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Sika Whakapapa
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The direct ancestry of New Zealand’s first established sika population is quite clear. The first successful liberation was in the Kaimanawa Mountains of the North Island in 1905 and the released deer came from the Duke of Bedford’s Woburn herd in England. That part of the story is very easy to tell, but earlier ancestry is very murky.

What sub-species of sika were the original stock? Good question; and one that is very hard to conclusively answer. Apparently the Duke of Bedford said that the gifted sika were of the Manchurian type, but since five subspecies of sika lived on Woburn Abbey estate at the turn of the century, it is almost certain that mixing of races of sika had taken place long before animals reached New Zealand forests. In the 1960s a large sika deer research survey based on the Kaimanawa-Kaweka sika herds observed a range of animals that in the opinion of observers were indeed of very mixed origin. For this reason, New Zealand sika are now all lumped together under the one classification: Cervus Nippon.

Hunting sika with my camera I get to see a lot of deer and occasionally one or two just look different to the others. It may be colour, size or body shape, but they sure look like a different sub-species. A good example occurred on Poronui a couple of years ago. Mark McGlashan and I had seen a good, normal looking eight-point stag hanging out with some younger mates and did a stalk on him. Short story; got one photo then he busted us and with a derisive squeal he and his friends scarpered. I managed a couple more camera shots of a good stag fleeing. Got a few of those in my sika collection.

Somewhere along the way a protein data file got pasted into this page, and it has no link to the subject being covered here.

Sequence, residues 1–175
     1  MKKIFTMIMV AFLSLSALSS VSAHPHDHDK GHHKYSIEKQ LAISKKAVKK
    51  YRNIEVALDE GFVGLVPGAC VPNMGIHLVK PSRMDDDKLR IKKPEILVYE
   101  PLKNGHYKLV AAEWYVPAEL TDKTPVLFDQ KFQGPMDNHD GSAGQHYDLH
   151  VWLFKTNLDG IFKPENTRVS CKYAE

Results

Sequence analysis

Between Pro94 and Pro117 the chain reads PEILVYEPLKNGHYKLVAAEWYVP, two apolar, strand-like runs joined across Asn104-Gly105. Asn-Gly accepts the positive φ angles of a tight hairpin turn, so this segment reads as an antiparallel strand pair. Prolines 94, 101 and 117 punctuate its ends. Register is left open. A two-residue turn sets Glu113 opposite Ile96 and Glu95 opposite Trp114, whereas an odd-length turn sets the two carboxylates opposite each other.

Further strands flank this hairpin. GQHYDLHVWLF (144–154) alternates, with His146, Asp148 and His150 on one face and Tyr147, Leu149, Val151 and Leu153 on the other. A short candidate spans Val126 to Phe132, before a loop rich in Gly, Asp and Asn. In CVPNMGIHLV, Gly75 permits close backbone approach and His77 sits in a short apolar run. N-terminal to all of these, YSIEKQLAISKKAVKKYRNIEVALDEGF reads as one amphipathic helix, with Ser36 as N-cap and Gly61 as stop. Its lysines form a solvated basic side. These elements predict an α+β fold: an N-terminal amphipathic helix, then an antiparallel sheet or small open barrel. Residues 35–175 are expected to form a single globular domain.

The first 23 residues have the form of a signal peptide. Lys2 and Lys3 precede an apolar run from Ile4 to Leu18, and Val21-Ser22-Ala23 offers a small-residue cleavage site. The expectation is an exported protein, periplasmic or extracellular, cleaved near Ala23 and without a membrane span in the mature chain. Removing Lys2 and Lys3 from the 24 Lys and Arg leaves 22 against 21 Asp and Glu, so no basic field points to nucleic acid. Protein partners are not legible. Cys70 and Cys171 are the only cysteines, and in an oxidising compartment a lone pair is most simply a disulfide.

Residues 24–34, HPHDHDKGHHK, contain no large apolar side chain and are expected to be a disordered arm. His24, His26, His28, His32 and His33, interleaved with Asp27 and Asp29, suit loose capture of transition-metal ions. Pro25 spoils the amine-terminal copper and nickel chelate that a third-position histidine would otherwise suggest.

His squeal disturbed other deer and next minute I could see another eight-pointer heading in our direction. He stopped near us and I snapped off a sequence of photos. Unlike the bulkier first eight, this animal was delicate, light in colour and weight, and quite pointy in the face. The two mature stags were clearly different. Pretty would best describe the second stag. His antlers had the right number of points but like everything else were light.

Later that afternoon we encountered a cull stag with an amazing chocolate brown coat. It was winter so naturally rich in hue but from a distance he had appeared black. We had originally identified it as a goat. Compared to other deer with light brown or grey-brown coats, it was quite unique. New Zealand sika were once commonly known as Jap deer, but it is clear now they have they characteristics of several Chinese and Japanese subspecies.

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